What’s the best way to Aberdeen? Torque’s intrepid Account Manager, Henry Willis, cycled 240 miles across Scotland for charity and lives to tell the tale

‘This time,’ I thought to myself, ‘I might be in a little over my head,’ as the coach I was sitting in careered through one remote Scottish village after another. Rain lashed at the window as the bus took to the climbs and descents of the impressive mountain peaks with an audible engine strain. In just a few hours, we’d be out on these roads on our bicycles. We were on our way to the start of a 240-mile coast-to-coast ride across Scotland, to be completed in under a day.

A disused RAF airbase near Campbeltown, of the Kintyre peninsula, played host to the true start of our epic challenge. Ultra-endurance cyclist, Mark Beaumont, who last year set a world record for the shortest time to cycle around the world – in an unimaginable 79 days – invited 80 hardy riders to join him on the trip of a lifetime across Scotland. Our 240-mile target was the daily distance total for Mark’s record-breaking round-the-globe efforts. As I lined up in the makeshift peloton, the group was composed of experienced road cyclists in it for the challenge, while we were also raising money for STV Children’s Appeal, combating poverty among young people in Scotland.

Rough ride
If four hours of patchy sleep on a camp bed in an abandoned army barracks isn’t a compromised start to the day, lining up among 80 other cyclists on a rain-soaked and windswept runway at 4am really does put things in perspective. “Does anyone know the way to Aberdeen,” Mark joked, as he peered above the crowd and shouted over the noisy rainfall. Wheels soon began rolling and we set off on the most epic of challenges, aiming to reach our destination by 10pm.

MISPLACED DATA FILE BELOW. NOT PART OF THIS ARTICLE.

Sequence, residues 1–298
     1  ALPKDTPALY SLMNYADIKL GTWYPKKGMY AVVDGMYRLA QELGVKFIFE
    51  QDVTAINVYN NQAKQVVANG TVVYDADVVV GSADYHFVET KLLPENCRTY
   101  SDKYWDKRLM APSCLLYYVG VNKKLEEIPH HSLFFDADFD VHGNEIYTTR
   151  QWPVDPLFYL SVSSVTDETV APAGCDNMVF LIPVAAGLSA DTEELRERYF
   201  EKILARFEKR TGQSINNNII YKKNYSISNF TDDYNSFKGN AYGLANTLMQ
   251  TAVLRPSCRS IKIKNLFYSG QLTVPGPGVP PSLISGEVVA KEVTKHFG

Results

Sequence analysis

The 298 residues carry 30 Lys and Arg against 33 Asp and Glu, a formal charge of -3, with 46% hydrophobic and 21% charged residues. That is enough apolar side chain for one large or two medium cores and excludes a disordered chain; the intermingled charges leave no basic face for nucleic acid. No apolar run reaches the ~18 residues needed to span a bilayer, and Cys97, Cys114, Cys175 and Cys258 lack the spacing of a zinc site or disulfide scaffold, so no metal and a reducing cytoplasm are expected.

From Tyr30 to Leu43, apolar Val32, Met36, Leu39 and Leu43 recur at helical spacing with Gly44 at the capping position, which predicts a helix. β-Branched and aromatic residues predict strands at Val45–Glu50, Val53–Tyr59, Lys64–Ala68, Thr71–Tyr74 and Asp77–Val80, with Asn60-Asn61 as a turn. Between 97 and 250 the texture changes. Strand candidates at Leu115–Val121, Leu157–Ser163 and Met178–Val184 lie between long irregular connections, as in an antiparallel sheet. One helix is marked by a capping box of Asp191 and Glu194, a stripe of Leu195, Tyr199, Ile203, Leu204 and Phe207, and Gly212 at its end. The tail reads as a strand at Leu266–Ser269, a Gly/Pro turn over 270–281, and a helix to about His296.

Scheduled to be on the bike for 16 hours, this would be my toughest endurance challenge yet – harder than any transnational bike ride or fast marathon I’ve run before. The first few dozen miles felt anxious on blustery, unlit and wet Scottish rural roads – my Continental Gatorskin tyres helping me grip to the asphalt – as we zipped up and down mountain passes. Day broke a few hours into our ride, and the natural light began gleaming on the stunning Scottish lochs and stunning hillside communes to lift spirits all round.

“It’s a lang auld road that’s no goat a turnin’”
“Don’t forget to eat,” one of the support crew prompted as I stood around on one of our scheduled breaks. By the time I felt really queezy, we were 180 miles into our ride. My Garmin cycle computer tells me I burnt 14,000 calories on this ride; to refuel like-for-like is almost impossible. I simply couldn’t recoup the energy quickly enough throughout the day and my nauseous feeling stopped me taking on further food. Soon enough, though, we were onto the final leg of the journey and making progress on the long and flat roads that lead along the east coast. The miles ticked by slower than ever as it began to get dark again. In those final few dozen miles on the roads lit only by bike lights, I felt a long way from home, in every sense of the saying.

Mercifully, many of the other 80 riders in the group also felt worse for wear, and the pace near the end was notably flagging. A great sense of camaraderie and community among my new friends in Scotland pulled us all through to the finish, where a welcome party cheered us into Duthie Park, Aberdeen, at 9.30pm. It had been the hardest of days – I really was in over my head – but cycling 240 miles in one go was never going to be easy (hats off to Mark for doing it 79 days in a row!). We finished with a true sense of achievement, having collectively raised at least £70,000 for STV Children’s Appeal. And how many people can say they’ve ridden 240 miles in under 16 hours?

Henry was raising for STV Children’s Appeal. Henry’s Just Giving page is still open for donations:


Mark Beaumont is mobbed by media as the 80 cyclists arrive in Aberdeen by night


The route took in many of Scotland’s most picturesque lochs and fishing villages


80 cyclists line up on the runway at RAF Machrihanish, a former army station at the southern tip of the Kintyre peninsula